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Welcome new members to our seed saving community who committed saving pea seeds at our recent Seedy Saturday!
A number of people have chosen to save pea varieties for the Seed Saving Project 2009. Sapporo*Japanese shelling peas, Carlin(dry soup pea), China Snow, Oregon Sugar Pod, from Saltspring Seeds. And Green Arrow(mainsteam variety) and Sugar Pea from William Dam Seeds.
Here’s a little tip, have used the last few years for an early start to a small but successful row for early peas.
First. Get your minds. In the gutter!
Gutter peas that is.
Today it’s snowing again. On coastal B.C. fairly unusual for mid March. The soil outside is so cold. Most weeds aren’t even sprouting yet.
If gardeners plant peas outside,(even presprouted) chances are they’ll rot. And that’s if the slugs, insects, birds etc. don’t have at them first.
So off to the scrap metal pile at the back of the farm, to haul out several 8′ sections of old guttering.(scored last summer, while garage-sailing, when noticing an adjacent neighbour having their roof, redone)
And that nice pile of rusty old guttering piled on the driveway. Although have used other metal guttering in the past)
Fold and layer, several thicknesses of newspaper and overlap them, the entire length of the gutter.
Fill with soil. As these gutters have been moved into my 8′ x 16′ unheated greenhouse, I use greenhouse soil.
Plan presprouted peas. Cover with soil up to the top of gutter. Water.
Cover for extra frost protection and evaporation with anything handy. I use old feed sacks or potting soil bags.
Peek under the gutter wrap, periodically, to see when the peas emerge and need daylight.
When the pea-lings get six or so inches high and have several leaves(and hopefully the nights are becoming frost-free)
Transport your gutters to the space, where you want the peas to grow. Then gently…slide. The sections of newspaper with soil/peas into the pre-dug pea trench.
The pea-lings will get a little disturbed but if you’re careful, they will recover nicely. Cover as per the ‘code’ of transplanting:)
Chances increase of getting a small but delicious crop of peas, some weeks before the outdoor planting.
Save some seeds from these early peas. Or plant other rows and save seed from them.
Doors open Saturday March 14th 10 a.m for Powell River’s fourth SEEDY SATURDAY,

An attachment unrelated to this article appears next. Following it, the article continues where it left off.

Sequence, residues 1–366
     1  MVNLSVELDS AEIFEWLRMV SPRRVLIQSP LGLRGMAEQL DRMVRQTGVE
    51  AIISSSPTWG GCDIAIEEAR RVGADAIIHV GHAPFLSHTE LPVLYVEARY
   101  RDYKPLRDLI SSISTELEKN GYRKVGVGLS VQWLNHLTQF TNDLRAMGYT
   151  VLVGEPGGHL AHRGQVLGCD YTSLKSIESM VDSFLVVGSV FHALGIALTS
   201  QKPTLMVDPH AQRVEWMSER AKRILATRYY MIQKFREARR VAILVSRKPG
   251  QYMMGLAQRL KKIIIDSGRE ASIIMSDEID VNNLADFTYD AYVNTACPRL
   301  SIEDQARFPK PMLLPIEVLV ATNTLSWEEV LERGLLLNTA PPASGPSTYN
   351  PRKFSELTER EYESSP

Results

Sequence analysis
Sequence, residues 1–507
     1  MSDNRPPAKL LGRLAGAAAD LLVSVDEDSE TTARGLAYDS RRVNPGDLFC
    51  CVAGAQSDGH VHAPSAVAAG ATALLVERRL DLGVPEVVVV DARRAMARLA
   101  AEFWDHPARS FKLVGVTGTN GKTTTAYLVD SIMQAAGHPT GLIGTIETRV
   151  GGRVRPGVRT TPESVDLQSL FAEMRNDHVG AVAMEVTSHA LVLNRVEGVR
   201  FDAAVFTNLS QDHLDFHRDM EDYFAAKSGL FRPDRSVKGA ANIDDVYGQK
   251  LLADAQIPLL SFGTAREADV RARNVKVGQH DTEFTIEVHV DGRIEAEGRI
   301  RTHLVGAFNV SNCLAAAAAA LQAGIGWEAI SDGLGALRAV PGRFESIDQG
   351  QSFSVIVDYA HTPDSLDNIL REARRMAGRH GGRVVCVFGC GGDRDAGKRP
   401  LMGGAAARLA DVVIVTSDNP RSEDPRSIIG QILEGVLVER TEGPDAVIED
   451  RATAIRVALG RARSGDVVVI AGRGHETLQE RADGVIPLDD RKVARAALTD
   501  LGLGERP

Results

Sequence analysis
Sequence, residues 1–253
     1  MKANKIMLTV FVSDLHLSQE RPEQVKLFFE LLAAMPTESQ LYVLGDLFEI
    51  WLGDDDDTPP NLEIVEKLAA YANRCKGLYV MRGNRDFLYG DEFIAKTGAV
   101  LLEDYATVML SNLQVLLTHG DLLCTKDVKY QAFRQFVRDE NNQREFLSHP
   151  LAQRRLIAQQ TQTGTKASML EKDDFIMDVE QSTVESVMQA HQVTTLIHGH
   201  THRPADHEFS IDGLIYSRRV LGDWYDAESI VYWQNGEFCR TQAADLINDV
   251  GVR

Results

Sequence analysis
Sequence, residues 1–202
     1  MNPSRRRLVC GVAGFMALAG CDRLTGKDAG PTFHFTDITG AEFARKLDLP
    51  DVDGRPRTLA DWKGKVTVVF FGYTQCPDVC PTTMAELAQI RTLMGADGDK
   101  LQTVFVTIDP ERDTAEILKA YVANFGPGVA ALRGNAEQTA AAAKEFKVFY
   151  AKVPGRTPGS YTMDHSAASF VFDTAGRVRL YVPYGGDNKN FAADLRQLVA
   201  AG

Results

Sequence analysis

at Community Living Place, 6831 Artaban Street, Cranberry.
Bring your seeds, tubers, cuttings, food plants etc. to a lively day of swapping garden plants and information. Cost for this community gardening event is a nominal $1 for admission with children under 12 are free. In addition to the exchange, information booths, and refreshments at the Seedy Lounge plus a supervised children’s activity corner, all day.
Five free workshops included:
10:00-10:45 a.m. Berry Happy, Thank You
Volunteer Master Gardener Myst de Vana presents ways to boost immunity in small fruit shrubs. You can have your fruit (and eat it too) by selecting sturdy varieties, planting for long-term health, and preventing disease and pestiferous creature problems. Managing crop size, staggering harvests, and using wild berries all help create a potentially long season of treats for our cereal and desserts.
11:00-11:45 p.m. Winter Gardening for Powell River
Master Composter, and professional horticultural therapist, Carol Engram helps you plan and manage a productive winter garden. Start planning your winter garden now, in order to plant in July.
12:00-12:45 p.m. Permaculture Gardening for our ‘Wet Coast’
Patches, from Nimh Permaculture Farm, south of town, provides practical tips for incorporating perennial food crops and sustainable gardening techniques into your garden and home landscape.
1:00 p.m.-1:45 p.m. Starting Plants from Seed
Kevin Wilson from micro-market garden, Fiddler’s Farm demostrates how to take the seeds you get at Seedy Saturday and grow them into healthy plants. Workshop covers starting seeds indoors under lights, direct seeding outdoors, and starting seeds the easy way with minimal protection.
2:00 p.m.-2:45 p.m. PLANT frequently. HARVEST abundantly.
Wildwood market gardener, Wendy Devlin helps you plan a small vegetable garden in advance in order to extend productivity and extension of the harvest.
Some of you, might have the other line of that jingle, stuck in your head!
Beans are magical in many ways:)
If you have several favorite beans and you want to save seed from them, will you end up with crosses(hybrids)?
Bush beans are self-fertilizing. Therefore there is generally little chance varieties cross-pollinating.
However it is advised to separate bush varieties in the home garden by at least two feet.
What is often done in home seed saving, is separating similiar bush bean varieties by a row of a different variety of bean (if you are growing all your beans in the same section of garden) Or a row of different vegetables.
There is more tendency for a pole bean to cross. So the advice is plant similiar varieties a minimum of 12 feet apart.
Also the more open-faced flowers of Scarlet Runners, limas and broad beans attract more insect pollinators and therefore more cross-pollination.
So again, a wider planting distance between varieties is advised.
Am growing Andy’s Broad Beans from Saltspring Seeds, and several varieties from my own fava seed collection(originally Windsors, and a small green and purple seeded. Plus two pole varieties of red-flowered Scarlet Runner and one bicolor.(which started out last year as EMERG0, all white which apparently crossed with the red due to close proximity)
So I’ll be paying closer attention to planting distances this season.